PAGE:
Student life editor
Keene State College’s monthly blood drive returns to campus.
Keene State College’s Spring 2021 semester saw the return of the on-campus blood drive. The blood drive was absent last semester due to the United States still bouncing back from COVID-19.
Keene State College’s Director of Student Involvement Jessica Gagne-Cloutier said, “Right now this semester [we have] two blood drives one this month in March and one in April, and that is close to what has become our normal which is one every main month of the semester.”
To have the blood drive operate as smoothly as possible, Cloutier said Keene State College partners with the American Red Cross Foundation. Cloutier explained, “We have an account manager we work with through the American Red Cross to schedule drives and then to bring in a staff from their system to be able to do donation collections processing and to get them into the majority of the blood banks in the region.” Once the blood is in the banks, Cloutier said it is distributed on an ‘as needed’ basis throughout the Manchester region.
In order to bring the blood drive back to campus, there was a need for further precautions to keep the Mabel Brown Room COVID-19 free. Gagne explained, “Outside of COVID, our drives are open to the community, but right now they are not, so you have to have your current weekly wristband in order to donate, and additionally the Red Cross has some other measures, they are doing temperature checks before anyone who comes in the room, they also do COVID antibody testing for all the donations that come through.”
Keene State College first-year Haley Butler said she felt very safe while donating blood in the Mabel Brown Room. Butler said, “They test your blood, so if something is wrong with your blood they will tell you.”
Keene State College alumni Jessica Boushie almost donated blood in the beginning of COVID-19, but decided to postpone her donation for concerns due to the virus. Boushie said, “I feel a lot safer now, but I think it’s because I have grown so accustomed to this new normal that it kind of didn’t feel that abnormal to me.”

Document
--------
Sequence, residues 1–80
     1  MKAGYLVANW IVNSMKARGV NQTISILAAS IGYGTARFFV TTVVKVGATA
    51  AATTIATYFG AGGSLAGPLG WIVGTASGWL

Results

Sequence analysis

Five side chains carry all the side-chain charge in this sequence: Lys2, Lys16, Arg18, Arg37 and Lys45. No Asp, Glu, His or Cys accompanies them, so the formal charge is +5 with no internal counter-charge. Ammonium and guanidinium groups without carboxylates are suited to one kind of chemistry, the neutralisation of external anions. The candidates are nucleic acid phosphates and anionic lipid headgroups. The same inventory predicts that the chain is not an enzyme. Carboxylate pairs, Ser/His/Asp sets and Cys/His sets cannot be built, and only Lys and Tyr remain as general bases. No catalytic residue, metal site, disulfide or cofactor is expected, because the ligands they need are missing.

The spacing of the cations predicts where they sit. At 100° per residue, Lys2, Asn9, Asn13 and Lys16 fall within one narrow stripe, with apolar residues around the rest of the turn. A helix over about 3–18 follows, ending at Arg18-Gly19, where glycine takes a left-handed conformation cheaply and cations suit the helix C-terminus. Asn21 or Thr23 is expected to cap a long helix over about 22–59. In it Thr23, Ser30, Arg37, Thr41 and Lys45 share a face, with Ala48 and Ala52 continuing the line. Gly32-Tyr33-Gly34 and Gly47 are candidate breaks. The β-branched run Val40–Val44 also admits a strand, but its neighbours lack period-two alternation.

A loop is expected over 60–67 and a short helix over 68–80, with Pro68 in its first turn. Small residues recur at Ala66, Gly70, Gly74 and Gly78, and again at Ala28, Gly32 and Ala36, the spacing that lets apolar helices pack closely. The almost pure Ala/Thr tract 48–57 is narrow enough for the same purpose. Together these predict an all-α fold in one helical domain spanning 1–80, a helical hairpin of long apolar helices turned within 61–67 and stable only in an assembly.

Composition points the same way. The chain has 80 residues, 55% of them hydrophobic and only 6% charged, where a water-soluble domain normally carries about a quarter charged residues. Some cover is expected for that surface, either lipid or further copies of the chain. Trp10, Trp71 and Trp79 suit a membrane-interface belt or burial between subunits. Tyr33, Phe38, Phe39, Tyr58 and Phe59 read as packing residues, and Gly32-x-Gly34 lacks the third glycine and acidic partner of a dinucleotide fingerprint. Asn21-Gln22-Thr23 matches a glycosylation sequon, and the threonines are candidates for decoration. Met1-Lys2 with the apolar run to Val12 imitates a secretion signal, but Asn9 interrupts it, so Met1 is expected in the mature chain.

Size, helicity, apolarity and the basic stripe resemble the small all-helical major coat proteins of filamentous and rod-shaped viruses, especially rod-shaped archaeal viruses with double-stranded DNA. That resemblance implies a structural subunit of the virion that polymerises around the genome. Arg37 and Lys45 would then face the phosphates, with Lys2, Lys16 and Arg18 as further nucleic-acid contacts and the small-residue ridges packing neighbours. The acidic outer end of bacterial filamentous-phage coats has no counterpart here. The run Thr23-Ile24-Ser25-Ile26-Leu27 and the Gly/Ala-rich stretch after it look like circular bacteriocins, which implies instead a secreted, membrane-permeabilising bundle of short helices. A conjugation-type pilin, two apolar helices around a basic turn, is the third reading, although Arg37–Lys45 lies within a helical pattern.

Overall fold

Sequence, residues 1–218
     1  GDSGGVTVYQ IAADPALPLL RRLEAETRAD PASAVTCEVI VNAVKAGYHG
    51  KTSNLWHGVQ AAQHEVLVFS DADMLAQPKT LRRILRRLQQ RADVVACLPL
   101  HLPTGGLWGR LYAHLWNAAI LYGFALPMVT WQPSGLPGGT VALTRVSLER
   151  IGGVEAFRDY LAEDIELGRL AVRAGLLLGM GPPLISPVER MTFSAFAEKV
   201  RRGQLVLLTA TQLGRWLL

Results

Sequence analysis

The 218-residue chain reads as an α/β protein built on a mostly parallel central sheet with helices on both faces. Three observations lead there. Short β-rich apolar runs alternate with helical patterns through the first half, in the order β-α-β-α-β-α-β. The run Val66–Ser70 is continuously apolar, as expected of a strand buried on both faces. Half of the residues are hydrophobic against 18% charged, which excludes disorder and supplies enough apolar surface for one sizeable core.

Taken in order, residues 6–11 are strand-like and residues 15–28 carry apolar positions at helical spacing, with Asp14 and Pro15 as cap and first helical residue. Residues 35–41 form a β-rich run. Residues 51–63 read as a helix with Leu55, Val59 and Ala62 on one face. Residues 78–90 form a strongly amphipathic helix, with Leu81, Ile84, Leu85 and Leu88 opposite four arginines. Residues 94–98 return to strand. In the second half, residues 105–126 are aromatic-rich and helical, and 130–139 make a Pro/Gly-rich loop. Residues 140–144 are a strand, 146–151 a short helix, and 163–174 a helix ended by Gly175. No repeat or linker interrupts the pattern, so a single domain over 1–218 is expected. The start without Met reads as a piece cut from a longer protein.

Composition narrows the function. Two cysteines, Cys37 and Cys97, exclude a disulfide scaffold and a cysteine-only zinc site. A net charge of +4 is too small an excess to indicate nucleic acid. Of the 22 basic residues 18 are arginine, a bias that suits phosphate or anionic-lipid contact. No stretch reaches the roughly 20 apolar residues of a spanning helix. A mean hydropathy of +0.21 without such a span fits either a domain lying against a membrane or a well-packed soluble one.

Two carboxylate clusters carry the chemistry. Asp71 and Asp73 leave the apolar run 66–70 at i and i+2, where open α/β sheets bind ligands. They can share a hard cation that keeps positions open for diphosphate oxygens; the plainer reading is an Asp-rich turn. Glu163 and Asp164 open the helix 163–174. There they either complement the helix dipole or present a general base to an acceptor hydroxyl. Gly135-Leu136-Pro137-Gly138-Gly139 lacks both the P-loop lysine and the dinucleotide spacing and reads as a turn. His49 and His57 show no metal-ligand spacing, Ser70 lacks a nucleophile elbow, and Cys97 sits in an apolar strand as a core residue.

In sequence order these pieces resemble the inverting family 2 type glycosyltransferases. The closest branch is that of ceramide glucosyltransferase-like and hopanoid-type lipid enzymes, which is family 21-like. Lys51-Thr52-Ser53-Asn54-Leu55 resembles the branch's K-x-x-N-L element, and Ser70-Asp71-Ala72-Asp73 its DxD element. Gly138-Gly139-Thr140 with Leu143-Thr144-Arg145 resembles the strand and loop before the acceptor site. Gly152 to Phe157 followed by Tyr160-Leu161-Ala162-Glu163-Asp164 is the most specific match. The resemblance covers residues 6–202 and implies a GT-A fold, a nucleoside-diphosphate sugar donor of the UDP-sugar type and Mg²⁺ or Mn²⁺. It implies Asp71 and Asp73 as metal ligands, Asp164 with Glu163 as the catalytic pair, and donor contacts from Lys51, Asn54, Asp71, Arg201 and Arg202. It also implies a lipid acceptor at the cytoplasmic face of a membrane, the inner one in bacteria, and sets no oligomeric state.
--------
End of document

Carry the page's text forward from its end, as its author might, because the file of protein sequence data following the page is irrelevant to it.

Boushie noted her change in perspective was not the only change to the drive. Boushie said, “A lot of the qualifications used to be longer like for tattoos, it used to be 12 months so it feels a lot more inclusive and safe which is great.” Boushie said this was not her first time donating blood as she had been donating blood since she was 16. Boushie said, “My mom, when I was in high school, almost died, and if it wasn’t for a blood transfusion she would’ve died so that’s why I started donating blood.”
American Red Cross employee Jonothan Preston said he got involved with the American Red Cross because he was looking for a job and heard the company offered on-job training. This was not Preston’s first time visiting the campus. Preston said, “I’ve been here a couple times already and it’s always a good drive to go to usually.” Preston said even with COVID-19, the foot traffic throughout the day has remained consistent. Preston also said, “As far as procedure goes, we just have to wipe everything a lot more, and just checking temperatures more often, and wearing masks and gloves all the time [are] the big ones.”
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